Wondering What Human Foods Dogs Can Eat?

what people foods dogs can eat

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Apparently humans have made some very clear distinctions about whose food is whose in homes shared with dogs. This is dog food. This is people food. It’s an odd distinction, really – at least the “people food” moniker. If nothing else, it creates a lot of confusion and misconceptions at feeding time for Fido. Do you know what human foods dogs can eat?

Possibly, more importantly, you should be asking what human foods are bad for dogs. In this article we explain our top 10 list of human food ingredients that are unsafe for dogs.

10 Ingredients in Human Foods Unsafe for Dogs:

  • Sugar (even artificial options like saccharin, Nutrasweet, )
  • Salt (added sodium, rock salt)
  • High fat (saturated and trans fats)
  • Chocolate
  • Caffeine or coffee grounds
  • Alcohol
  • Foods with hormones or chemicals
  • Spices like nutmeg and cinnamon
  • Spicy food
  • Yeast & raw dough

Looking for a more comprehensive list of the foods that dogs can and can’t eat? Download our list.

Back to human foods dogs can eat.

There’s something almost cavemanish about the sound of it: Human. Food. Is this food for humans…or food that…is…human? Hmm.

Makes you wonder why grocery stores aren’t called human food stores, if only to ensure that adventurous canines don’t get any crazy ideas.

Are we supposed to believe that, just because something sits on a human’s plate, it’s forbidden to grace Fido’s bowl? Human. Dog. Me. You. Good boy.

It all sounds like a canine coup d’état Far Side cartoon.

At least as recently as yesterday, “dog food” labels contained ingredients like chicken, turkey, beef, lamb, pumpkin, squash, green beans, blueberries….

Human. Food.

And the more of those healthful, whole-food ingredients contained in the dog food, the greater the chance they get bold billing on the front of the bag.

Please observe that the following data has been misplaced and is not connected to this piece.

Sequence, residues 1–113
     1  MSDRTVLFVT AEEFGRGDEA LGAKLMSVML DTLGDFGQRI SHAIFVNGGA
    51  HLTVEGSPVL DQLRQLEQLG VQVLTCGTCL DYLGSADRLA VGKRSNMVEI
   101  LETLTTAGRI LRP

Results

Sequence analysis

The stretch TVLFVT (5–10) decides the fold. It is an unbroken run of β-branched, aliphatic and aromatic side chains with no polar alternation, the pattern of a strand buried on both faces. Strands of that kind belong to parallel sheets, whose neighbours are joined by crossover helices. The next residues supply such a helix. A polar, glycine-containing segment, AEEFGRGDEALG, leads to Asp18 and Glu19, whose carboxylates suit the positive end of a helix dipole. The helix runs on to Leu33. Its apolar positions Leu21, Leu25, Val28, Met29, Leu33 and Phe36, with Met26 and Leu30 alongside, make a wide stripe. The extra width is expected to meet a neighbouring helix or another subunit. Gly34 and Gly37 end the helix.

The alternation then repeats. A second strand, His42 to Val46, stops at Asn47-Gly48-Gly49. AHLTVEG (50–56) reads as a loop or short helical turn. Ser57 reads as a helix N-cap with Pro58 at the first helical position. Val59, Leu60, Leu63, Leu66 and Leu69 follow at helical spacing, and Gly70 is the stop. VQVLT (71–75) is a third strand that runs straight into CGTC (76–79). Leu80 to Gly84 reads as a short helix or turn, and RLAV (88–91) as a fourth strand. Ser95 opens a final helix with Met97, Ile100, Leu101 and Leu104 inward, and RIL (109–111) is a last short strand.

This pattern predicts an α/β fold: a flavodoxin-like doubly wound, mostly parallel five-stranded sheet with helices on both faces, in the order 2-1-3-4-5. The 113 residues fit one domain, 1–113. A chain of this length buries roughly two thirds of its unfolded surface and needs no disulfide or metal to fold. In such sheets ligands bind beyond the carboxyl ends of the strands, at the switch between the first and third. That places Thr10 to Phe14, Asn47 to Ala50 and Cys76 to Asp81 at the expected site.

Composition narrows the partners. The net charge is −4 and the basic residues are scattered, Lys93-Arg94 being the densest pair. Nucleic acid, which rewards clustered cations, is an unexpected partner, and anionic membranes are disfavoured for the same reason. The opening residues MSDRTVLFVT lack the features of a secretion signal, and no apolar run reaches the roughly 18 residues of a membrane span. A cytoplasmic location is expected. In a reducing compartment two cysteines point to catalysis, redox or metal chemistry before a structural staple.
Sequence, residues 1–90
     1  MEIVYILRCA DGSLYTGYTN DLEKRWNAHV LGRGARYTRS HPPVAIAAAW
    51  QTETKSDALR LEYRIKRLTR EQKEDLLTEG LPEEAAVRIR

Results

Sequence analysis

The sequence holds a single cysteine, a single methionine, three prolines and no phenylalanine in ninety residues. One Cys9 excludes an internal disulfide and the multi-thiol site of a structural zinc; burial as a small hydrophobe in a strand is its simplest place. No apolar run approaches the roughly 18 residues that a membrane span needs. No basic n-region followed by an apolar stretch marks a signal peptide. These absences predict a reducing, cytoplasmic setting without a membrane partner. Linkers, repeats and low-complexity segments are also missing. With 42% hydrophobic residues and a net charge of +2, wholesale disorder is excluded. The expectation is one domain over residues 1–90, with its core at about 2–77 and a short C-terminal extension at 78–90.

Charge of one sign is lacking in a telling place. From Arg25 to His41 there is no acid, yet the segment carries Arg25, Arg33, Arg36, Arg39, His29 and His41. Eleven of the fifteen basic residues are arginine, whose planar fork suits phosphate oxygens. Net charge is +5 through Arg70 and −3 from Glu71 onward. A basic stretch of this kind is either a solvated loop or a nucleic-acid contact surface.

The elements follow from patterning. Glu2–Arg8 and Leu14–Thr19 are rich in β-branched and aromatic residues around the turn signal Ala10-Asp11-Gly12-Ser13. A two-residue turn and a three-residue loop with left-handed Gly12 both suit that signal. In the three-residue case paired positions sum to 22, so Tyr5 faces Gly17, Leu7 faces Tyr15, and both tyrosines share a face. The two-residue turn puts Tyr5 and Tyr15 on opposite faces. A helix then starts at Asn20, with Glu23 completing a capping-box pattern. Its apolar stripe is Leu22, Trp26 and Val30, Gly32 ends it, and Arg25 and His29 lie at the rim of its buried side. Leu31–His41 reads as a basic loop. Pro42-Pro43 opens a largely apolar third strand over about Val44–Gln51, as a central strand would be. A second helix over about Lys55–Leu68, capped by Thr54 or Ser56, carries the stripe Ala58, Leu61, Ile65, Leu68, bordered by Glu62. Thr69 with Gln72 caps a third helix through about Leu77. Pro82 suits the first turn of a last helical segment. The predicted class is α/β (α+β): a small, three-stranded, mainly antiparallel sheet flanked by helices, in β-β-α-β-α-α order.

So, in one way or another, dogs and humans are eating from the same menu.

At least when it comes to raw ingredients.

Human foods bad for dogs

So, we ask again, Can dogs eat people food?

There are, after all, plenty of proponents of raw and home-prepared diets, as well as a whole anti-kibble cult that wouldn’t dream of feeding their dogs from a bag.

Perhaps all the semantics aren’t rooted as much in what Fido’s eating as in what his humans are eating.

After all, we bipeds – at least the American version – aren’t exactly known for being off-grid purists. We worship convenience and the additives of emotional eating: sugar (artificial too), salt, fat, chocolate, alcohol. And therein lies the rub.

Can dogs have alcohol?

can dogs have alcohol


Is it “funny” to let your dog lick up your beer spill during your football game watch?

We can only hope a guardian of dogs would never even consider such a thing.

But accidents happen. And you should be aware of how serious alcohol consumption by a dog can be.

You should also be aware of how the raw ingredients of alcohol appear in other, less suspicious-sounding foods like syrups and raw bread dough.

Can dogs eat chocolate?

Now on to chocolate. (Aahhh, chocolate!)

The example of chocolate presents one of the best explanations – and warnings – for why dogs and people can’t share the same diet.